With the closure of KBC and Ulster Bank, over 120,000 customers will be searching for their new banking service. Ulster Bank will be issuing letters shortly to account owners to begin the process of transferring to a new bank. Ulster Bank will be providing account holders with 6 months to make the switch to their new bank. The moving process is expected to span over a year, which will be done on a staggered basis. KBC have sold their deposit accounts to Bank of Ireland. However Bank of Ireland have not agreed to take the current accounts, and they have to be moved elsewhere. You may be in the same position as some of our clients find themselves in as a current account holder with KBC or Ulster Bank, if so you may wish to consider the following when selecting your new bank:
Do I Require a Full Service Bank?A full service bank contains options for current, deposit, overdraft accounts etc. These banks include AIB, Bank of Ireland and Permanent TSB. You should consider and compare charges for transactions, monthly/quarterly fees, caps on savings and negative interests when choosing what bank suits your needs. There are also online banking options such as Revolut and N26 which have now acquired European banking licenses. These new licenses can provide you with an IBAN, allowing you to set up your salary, direct debits, etc. These services seem more cost efficient but there are higher withdrawal fees or a % fee applied to withdrawals that go over the free allowance limit. It will be up to the individual to inform employers, tenants or anyone who lodges money into their account of their new bank details. This also applies for direct debit transactions etc. Talk to your new bank about a new switching pack which will help move over any direct debits as seamlessly as possible. You should also ensure your account details on Revenue Online (ROS) are updated to allow you to make your tax payments from the updated account.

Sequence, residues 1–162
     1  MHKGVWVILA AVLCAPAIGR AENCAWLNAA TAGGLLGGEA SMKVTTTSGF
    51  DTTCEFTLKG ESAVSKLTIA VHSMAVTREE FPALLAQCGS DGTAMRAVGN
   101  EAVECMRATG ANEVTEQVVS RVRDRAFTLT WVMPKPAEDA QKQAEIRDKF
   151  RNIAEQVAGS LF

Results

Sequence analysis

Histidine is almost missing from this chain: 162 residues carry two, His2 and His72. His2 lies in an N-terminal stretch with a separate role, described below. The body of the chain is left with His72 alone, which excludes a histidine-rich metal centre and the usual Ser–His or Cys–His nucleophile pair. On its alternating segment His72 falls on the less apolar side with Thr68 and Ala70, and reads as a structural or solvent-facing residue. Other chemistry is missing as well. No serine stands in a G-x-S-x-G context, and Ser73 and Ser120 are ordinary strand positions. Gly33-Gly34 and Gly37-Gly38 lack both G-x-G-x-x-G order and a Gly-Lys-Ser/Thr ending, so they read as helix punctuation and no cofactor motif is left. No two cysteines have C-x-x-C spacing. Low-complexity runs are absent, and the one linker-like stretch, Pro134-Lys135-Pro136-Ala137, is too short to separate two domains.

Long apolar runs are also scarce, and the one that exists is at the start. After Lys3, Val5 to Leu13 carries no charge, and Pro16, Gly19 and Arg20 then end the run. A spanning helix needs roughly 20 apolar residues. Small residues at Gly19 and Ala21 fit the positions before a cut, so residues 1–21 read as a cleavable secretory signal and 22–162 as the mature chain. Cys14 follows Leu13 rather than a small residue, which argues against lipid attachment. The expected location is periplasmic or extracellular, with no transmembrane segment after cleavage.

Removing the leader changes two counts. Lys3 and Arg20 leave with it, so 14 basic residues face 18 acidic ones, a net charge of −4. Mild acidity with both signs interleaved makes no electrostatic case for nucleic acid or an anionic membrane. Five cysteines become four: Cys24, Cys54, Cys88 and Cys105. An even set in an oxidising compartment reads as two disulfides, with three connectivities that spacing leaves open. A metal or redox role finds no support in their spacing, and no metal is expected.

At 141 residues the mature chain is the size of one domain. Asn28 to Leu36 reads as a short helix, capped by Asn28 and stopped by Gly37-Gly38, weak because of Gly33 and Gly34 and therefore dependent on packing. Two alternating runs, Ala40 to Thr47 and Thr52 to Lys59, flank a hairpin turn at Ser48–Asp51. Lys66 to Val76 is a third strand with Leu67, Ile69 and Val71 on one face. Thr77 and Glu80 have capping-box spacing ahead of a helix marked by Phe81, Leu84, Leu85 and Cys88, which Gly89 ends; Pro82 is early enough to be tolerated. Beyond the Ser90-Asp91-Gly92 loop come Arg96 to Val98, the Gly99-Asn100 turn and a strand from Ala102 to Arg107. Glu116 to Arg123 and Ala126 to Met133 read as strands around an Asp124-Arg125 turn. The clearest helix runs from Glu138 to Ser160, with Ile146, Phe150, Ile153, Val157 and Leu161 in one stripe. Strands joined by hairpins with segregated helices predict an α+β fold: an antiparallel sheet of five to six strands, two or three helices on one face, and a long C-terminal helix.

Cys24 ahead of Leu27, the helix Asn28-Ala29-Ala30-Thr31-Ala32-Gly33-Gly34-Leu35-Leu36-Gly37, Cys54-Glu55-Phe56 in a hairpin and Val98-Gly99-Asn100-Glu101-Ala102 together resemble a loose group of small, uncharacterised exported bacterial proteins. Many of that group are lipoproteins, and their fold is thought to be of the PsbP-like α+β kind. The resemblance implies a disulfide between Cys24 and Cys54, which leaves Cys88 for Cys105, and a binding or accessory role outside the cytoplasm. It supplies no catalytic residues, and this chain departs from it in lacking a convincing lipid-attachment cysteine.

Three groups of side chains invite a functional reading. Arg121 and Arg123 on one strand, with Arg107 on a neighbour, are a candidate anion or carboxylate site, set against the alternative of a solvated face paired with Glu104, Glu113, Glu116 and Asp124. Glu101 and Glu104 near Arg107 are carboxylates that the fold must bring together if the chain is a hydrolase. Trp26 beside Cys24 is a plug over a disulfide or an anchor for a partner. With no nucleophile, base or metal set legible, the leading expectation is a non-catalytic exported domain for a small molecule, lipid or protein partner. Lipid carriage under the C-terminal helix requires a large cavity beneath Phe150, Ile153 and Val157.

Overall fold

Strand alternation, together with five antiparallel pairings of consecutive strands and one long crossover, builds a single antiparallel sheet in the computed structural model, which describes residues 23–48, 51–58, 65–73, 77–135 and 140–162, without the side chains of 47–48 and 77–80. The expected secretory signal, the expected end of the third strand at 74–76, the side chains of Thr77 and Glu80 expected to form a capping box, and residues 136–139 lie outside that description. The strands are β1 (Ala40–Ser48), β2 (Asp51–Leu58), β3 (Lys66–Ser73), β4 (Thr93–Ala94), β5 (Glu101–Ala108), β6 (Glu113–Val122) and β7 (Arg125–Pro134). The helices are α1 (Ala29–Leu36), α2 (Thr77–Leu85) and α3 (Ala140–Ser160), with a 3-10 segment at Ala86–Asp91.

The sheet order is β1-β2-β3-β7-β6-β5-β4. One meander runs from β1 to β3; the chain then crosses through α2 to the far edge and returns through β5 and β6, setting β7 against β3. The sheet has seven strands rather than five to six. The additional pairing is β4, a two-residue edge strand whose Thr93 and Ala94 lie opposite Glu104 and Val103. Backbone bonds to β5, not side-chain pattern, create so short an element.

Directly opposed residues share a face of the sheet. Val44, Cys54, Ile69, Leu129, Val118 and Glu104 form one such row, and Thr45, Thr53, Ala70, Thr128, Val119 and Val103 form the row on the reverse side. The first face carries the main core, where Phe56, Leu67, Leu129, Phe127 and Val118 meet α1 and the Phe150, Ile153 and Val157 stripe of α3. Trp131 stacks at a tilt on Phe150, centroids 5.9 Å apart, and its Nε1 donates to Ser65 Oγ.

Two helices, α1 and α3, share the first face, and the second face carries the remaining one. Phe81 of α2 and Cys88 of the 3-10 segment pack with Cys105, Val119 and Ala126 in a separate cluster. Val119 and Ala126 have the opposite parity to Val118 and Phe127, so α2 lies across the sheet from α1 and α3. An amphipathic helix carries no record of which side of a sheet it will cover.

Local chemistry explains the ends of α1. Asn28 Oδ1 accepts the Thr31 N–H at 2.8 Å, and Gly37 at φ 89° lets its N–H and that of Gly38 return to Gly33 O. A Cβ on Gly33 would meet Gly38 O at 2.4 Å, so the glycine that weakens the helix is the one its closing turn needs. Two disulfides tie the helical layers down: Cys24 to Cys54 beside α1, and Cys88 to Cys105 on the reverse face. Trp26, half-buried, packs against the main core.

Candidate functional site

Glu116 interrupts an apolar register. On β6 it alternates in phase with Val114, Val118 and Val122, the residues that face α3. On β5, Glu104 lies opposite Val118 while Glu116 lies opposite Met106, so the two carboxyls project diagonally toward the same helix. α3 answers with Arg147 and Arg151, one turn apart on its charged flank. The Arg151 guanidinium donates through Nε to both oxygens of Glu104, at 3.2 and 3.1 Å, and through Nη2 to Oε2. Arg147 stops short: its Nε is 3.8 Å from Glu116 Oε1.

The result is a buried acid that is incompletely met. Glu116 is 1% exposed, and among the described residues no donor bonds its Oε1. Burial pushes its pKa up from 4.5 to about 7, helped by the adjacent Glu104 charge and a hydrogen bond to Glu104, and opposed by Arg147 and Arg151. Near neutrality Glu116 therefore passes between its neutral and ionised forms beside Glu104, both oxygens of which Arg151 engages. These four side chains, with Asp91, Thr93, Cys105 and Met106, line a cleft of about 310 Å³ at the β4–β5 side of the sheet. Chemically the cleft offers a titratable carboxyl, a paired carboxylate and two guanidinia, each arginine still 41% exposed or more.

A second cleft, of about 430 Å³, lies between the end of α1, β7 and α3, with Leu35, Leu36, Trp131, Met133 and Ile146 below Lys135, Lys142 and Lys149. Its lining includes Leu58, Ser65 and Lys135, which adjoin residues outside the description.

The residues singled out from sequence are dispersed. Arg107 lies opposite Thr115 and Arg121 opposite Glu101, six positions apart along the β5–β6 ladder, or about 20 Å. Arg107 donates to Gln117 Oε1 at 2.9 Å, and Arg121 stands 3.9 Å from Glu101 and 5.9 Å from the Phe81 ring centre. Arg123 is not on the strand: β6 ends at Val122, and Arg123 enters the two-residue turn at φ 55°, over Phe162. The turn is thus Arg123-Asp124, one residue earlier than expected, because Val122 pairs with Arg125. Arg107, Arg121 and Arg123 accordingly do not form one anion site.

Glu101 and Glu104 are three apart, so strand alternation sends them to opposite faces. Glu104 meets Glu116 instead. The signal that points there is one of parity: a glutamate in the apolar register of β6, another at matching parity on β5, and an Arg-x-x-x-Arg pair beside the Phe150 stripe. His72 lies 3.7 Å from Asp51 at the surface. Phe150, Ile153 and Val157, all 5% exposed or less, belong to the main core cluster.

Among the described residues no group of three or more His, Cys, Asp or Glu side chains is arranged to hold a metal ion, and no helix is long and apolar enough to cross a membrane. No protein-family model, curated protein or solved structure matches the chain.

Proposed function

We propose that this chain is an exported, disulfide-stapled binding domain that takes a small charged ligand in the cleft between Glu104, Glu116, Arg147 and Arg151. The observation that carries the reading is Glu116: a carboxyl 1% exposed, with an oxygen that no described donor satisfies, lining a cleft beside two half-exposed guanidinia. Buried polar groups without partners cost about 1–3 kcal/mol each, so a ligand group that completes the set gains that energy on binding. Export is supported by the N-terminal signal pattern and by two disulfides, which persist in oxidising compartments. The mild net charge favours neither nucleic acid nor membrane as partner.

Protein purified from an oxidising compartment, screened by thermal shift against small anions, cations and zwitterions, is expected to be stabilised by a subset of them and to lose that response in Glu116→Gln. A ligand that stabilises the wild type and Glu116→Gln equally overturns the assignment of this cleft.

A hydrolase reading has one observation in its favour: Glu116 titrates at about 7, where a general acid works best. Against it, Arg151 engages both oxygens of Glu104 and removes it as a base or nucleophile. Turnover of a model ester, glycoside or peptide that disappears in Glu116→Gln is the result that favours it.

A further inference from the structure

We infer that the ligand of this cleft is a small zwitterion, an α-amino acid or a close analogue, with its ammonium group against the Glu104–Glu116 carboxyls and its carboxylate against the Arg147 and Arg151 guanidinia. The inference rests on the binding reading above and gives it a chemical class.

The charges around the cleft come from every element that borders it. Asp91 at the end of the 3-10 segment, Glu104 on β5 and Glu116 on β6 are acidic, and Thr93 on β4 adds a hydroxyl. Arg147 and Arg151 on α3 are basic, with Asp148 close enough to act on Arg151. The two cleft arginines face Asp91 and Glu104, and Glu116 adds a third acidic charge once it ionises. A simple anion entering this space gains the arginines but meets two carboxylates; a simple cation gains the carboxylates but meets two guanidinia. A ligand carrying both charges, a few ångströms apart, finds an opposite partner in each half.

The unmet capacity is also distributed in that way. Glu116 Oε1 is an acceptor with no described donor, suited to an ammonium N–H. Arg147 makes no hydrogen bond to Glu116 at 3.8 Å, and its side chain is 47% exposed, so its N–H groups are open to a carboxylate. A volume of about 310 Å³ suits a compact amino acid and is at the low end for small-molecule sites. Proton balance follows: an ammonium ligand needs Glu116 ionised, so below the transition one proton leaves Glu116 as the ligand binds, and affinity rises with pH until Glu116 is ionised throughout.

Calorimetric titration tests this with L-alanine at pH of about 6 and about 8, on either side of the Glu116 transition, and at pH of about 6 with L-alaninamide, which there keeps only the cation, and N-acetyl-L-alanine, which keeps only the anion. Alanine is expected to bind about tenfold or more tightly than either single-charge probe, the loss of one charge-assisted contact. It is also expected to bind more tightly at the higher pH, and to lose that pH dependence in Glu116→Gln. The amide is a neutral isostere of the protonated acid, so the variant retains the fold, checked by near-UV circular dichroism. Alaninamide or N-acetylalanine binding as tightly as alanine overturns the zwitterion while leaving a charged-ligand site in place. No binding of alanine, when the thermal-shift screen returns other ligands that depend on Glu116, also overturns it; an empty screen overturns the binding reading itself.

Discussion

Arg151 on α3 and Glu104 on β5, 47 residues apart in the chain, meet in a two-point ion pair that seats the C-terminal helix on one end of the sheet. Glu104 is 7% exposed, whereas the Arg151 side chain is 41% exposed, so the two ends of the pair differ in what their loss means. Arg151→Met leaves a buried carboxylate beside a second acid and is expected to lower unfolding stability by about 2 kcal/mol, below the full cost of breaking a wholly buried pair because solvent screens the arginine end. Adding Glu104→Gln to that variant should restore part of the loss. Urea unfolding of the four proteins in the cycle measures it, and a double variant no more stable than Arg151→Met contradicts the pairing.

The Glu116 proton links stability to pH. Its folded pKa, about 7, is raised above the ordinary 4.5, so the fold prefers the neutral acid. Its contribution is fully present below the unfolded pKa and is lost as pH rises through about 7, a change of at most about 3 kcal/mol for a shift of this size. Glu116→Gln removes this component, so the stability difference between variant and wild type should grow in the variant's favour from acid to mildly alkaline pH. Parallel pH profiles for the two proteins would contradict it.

What Are my Next Steps?Once you have opened an account with your new bank, you must close your account with Ulster Bank and KBC. Ulster Bank have recently begun to issue closure forms to their account holders which can be filled out and posted back to the bank. Once the request is submitted it can take 5-7 working days for the account to close. In this time, you should not use your account as it may delay the closing procedure. Also check that there are no pending transactions and the account has been inactive for 24 hours.
After Closing your Account
- Securely destroy all cards, cheque books and pre-printed cheques associated with the account
- Update standing orders and direct debit payments with your new bank
- Inform originators of credits to Ulster Bank and KBC of your new account details
What do I Need to Set up a New Bank Account?
- Photo identification,
- A recent bank statement
- A recent utility bill
- Your PPS number (might not be mandatory).
April 26, 2022